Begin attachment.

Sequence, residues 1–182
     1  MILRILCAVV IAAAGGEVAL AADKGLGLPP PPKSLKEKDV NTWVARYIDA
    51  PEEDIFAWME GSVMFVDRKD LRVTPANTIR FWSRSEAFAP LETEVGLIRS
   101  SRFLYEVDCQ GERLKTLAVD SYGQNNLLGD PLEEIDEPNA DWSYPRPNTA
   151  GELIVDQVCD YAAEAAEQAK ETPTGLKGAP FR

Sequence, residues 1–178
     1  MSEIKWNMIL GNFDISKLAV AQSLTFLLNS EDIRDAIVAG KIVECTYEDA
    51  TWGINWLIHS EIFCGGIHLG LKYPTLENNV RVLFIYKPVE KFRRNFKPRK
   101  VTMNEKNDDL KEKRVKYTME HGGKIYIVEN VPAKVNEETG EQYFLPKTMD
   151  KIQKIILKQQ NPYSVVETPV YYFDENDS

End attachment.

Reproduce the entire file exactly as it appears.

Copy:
Sequence, residues 1–182
     1  MILRILCAVV IAAAGGEVAL AADKGLGLPP PPKSLKEKDV NTWVARYIDA
    51  PEEDIFAWME GSVMFVDRKD LRVTPANTIR FWSRSEAFAP LETEVGLIRS
   101  SRFLYEVDCQ GERLKTLAVD SYGQNNLLGD PLEEIDEPNA DWSYPRPNTA
   151  GELIVDQVCD YAAEAAEQAK ETPTGLKGAP FR

Sequence, residues 1–178
     1  MSEIKWNMIL GNFDISKLAV AQSLTFLLNS EDIRDAIVAG KIVECTYEDA
    51  TWGINWLIHS EIFCGGIHLG LKYPTLENNV RVLFIYKPVE KFRRNFKPRK
   101  VTMNEKNDDL KEKRVKYTME HGGKIYIVEN VPAKVNEETG EQYFLPKTMD
   151  KIQKIILKQQ NPYSVVETPV YYFDENDS